Just as I completed my sentence, the door opened and the head of the office stepped out, still carrying an air of confusion about him. How else would you react if someone you didn’t recognised knocked on your office window and asked you to come out?
Fully cognisant that this was an atypical scenario I set out to put him at ease.
“Look, I apologise for knocking on your window like that but there’s a good reason why I did it,” I said.
I went on to introduce myself and tell him a little about myself and the work I do. Being genuine and friendly I seemed to put at ease a bit.
“I don’t normally do this kind of thing,’ I said to him, which may have been a bit of a stretch because if I want to meet someone I’ll always approach them, even if means doing so in an unorthodox manner. “The truth is that I’ve tried to reach out to you by e-mail but didn’t get a response and of course appreciate how busy you must be, but by chance I noticed your logo through the window and thought, Why don’t I try and say hello and introduce myself. I know that you guys opened the UK office in order to increase deal flow from here and Europe, and I believe I have access to deals that may potentially interest you. In fact, I’ve got one that I believe you’ll find interesting. Completely off-market. Strong team. Great track record. Differentiated strategy.”
A smile formed on his face.
“I love it,” he said. “I wish more people did that here.”
That moment I missed home – the US – where people are always keen to meet, talk and discuss business.
“You around this afternoon to sit down and chat?”
“Definitely,” I said.
We met that afternoon and had a long discussion about his institution, what they sought, their investment criteria and how investment decisions were made. I discussed my deal with him and that same evening I shared a presentation from my client.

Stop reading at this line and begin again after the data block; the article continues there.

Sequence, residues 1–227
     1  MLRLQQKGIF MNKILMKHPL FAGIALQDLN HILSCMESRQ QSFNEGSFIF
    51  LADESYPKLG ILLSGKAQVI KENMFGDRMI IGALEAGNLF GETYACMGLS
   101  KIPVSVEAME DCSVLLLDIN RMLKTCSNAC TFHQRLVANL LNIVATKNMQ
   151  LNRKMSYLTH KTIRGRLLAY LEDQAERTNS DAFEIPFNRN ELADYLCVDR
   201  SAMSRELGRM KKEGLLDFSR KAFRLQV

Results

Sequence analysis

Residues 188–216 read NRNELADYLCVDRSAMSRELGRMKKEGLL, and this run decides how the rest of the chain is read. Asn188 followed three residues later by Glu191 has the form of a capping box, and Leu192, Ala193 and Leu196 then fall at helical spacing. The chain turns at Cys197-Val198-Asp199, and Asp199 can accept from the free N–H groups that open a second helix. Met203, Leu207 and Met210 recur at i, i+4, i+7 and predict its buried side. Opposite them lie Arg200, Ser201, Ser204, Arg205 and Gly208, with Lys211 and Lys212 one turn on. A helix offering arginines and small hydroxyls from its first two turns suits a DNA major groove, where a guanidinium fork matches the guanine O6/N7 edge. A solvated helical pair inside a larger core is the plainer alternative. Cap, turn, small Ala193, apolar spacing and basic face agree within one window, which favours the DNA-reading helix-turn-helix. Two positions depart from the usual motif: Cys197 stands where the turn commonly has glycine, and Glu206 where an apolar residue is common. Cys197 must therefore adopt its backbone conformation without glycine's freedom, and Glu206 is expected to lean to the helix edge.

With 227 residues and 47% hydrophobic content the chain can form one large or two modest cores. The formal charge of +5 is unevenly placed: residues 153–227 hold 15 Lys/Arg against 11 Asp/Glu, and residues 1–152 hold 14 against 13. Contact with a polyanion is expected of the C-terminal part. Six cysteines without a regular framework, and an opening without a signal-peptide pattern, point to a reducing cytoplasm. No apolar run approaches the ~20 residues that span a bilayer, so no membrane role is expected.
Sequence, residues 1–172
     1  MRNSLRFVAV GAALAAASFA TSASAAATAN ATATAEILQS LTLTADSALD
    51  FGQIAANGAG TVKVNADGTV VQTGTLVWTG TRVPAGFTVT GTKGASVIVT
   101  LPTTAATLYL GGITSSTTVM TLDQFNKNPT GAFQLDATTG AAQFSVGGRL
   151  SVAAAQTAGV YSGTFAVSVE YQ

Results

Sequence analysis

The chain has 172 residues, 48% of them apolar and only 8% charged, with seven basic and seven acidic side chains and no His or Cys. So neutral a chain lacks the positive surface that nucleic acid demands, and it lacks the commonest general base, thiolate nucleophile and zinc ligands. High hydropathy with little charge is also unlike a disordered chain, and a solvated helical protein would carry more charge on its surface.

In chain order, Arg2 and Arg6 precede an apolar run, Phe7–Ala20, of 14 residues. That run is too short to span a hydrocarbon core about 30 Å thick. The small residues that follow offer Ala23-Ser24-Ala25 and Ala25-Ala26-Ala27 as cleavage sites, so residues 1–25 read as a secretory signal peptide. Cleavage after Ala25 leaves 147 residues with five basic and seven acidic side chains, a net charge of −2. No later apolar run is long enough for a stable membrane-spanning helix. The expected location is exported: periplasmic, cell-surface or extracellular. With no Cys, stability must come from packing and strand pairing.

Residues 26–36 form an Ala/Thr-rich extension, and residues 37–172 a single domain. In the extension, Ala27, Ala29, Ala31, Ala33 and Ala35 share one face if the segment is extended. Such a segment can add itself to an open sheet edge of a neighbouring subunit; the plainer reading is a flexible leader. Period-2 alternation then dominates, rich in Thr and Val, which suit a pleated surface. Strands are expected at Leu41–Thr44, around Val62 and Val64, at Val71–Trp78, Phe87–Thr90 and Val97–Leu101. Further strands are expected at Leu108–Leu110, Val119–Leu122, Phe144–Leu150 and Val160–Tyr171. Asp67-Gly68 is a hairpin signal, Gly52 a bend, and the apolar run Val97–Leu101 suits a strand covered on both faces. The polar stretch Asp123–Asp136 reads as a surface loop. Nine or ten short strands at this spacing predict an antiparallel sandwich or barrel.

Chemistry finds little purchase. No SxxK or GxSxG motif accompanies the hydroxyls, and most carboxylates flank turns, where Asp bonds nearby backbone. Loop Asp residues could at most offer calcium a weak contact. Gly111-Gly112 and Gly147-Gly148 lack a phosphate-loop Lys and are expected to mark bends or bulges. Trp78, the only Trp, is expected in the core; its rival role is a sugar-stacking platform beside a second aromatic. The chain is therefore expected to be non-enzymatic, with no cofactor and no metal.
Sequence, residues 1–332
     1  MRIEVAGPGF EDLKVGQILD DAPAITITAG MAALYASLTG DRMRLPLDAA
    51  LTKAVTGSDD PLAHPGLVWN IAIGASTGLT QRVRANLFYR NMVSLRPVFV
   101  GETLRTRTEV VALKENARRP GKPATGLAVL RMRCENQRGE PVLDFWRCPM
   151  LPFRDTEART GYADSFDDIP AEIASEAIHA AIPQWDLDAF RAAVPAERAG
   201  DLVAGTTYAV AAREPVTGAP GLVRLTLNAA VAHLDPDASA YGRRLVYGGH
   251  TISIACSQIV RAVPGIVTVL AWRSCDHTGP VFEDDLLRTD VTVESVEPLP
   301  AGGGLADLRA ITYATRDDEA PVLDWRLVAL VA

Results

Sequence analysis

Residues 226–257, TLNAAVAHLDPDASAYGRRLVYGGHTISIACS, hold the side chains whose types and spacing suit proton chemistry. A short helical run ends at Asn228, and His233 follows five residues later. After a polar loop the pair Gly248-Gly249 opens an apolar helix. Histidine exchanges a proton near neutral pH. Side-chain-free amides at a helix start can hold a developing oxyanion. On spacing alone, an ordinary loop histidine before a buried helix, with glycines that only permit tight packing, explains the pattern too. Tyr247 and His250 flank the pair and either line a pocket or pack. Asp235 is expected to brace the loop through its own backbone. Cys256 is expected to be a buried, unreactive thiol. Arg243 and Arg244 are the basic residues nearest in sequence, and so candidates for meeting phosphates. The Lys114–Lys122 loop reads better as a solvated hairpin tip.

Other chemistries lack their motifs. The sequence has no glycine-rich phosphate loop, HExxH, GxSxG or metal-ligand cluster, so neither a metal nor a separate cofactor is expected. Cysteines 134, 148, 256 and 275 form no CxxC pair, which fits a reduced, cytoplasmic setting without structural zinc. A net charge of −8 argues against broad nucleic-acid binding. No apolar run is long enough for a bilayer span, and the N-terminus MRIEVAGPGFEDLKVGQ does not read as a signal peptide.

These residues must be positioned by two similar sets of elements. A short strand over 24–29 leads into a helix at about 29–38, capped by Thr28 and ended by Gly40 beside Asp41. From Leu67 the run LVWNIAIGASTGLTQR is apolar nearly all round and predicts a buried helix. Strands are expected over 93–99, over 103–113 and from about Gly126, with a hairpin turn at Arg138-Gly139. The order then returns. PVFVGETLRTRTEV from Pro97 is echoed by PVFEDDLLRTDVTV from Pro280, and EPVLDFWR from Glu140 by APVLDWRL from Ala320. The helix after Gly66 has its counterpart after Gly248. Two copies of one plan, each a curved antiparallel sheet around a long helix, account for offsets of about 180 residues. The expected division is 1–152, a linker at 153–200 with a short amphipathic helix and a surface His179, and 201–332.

The following morning I received an e-mail from him. It read: I want to meet them.
The week after, him and his colleague sat across the table from my client to discuss an opportunity.
“So how do you know Ali?” my client asked the investor just as the introductory meeting began.
“He knocked on my office window last week,” said the investor.
“What?” said my client, while raising an eyebrow.
I jumped in and explained what had transpired, and the investor – bless him – praised and supported my move.
E-mail may not always suffice. There are times you need to pick up the phone to someone directly. Or to introduce yourself in person. And sometimes it means putting yourself a little bit out of your comfort zone.
The great thing about taking a step outside of the ‘zone’ is that when you do venture out – even if just a little bit – you tend to increase the size of your comfort zone. Which means what once seemed daring will no longer phase you.
Important: going out of your comfort zone doesn’t always yield immediate, positive results. You could very well stumble or fail. The American investor could have easily told me to get lost for knocking on his window, uninvited. But never let that stop you. Best you try and fail then to sit on the sidelines. The more you fail the closer you get to your destination. If you’re not willing to fail don’t expect to achieve anything remarkable.
Lastly, put away your phone away when walking outside. Look around you and check yourself out in a window lest you miss an opportunity 🙂